Open shelving in the kitchen is both not for everyone, and also extremely popular. This shelving type's slim and airy profile makes a small kitchen look much larger, and it's a great way to put all your lovely things on display. On the accessible end of the spectrum, you can either remove cabinet doors to try it out, or install some basic shelving on brackets. But then you can also really just go for it, and make your open shelving as much of a design statement as it is storage.
Above, Emily Huntley's stunning kitchen with wood and brass shelves that flank the exhaust hood.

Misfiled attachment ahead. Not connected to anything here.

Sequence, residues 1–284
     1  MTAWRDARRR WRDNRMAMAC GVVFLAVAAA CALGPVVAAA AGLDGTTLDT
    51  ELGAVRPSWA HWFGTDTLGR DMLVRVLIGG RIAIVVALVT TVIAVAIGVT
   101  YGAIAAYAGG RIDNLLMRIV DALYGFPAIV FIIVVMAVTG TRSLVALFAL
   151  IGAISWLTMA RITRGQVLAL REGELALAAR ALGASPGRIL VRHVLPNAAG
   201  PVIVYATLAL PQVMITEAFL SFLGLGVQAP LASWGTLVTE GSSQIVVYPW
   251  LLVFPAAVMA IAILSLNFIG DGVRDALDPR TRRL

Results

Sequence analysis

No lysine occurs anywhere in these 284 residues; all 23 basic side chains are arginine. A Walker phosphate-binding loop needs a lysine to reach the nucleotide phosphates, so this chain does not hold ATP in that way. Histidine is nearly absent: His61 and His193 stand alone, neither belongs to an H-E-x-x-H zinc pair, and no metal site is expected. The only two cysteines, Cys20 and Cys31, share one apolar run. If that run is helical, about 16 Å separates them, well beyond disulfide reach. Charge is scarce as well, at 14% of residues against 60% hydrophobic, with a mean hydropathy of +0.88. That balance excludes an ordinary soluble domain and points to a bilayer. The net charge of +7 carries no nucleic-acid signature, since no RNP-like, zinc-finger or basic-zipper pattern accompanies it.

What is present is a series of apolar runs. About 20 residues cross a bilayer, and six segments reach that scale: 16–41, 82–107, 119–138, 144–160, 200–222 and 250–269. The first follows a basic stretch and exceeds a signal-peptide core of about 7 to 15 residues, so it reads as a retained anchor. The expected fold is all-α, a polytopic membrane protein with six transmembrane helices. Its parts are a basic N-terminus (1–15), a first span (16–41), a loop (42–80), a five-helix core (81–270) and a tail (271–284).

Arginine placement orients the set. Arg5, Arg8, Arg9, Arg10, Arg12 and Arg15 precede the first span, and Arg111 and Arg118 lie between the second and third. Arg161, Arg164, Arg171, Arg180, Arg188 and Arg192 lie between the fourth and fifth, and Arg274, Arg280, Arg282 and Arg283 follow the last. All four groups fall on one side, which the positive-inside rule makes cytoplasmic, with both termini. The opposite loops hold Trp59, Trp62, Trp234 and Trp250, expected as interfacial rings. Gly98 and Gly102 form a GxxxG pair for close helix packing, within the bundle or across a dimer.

Open shelving can sometimes look slapped together and haphazard. The open shelving in this kitchen by DeVOL, by contrast, is treated almost like a built-in architectural feature, with inset shelving and decorative molding.
Instead of climbing vertically up the walls, this kitchen from La Shed Architecture stays on one plane and wraps around the entire room. It even becomes "built-in" on one wall.
Open shelving in this Australia kitchen (from Inside Out) means open in two directions, making dishes accessible from either side of the island.
It's easy to get the look of brass with some spray paint, but these babies are the real deal. They are just one of a few warm metal details in this NYC kitchen from Studio DB.
Lauren Liess was inspired by baking racks when she commissioned a set for her kitchen. Working with an ironworker, she designed the shelves to sit on the countertops and attach to the walls.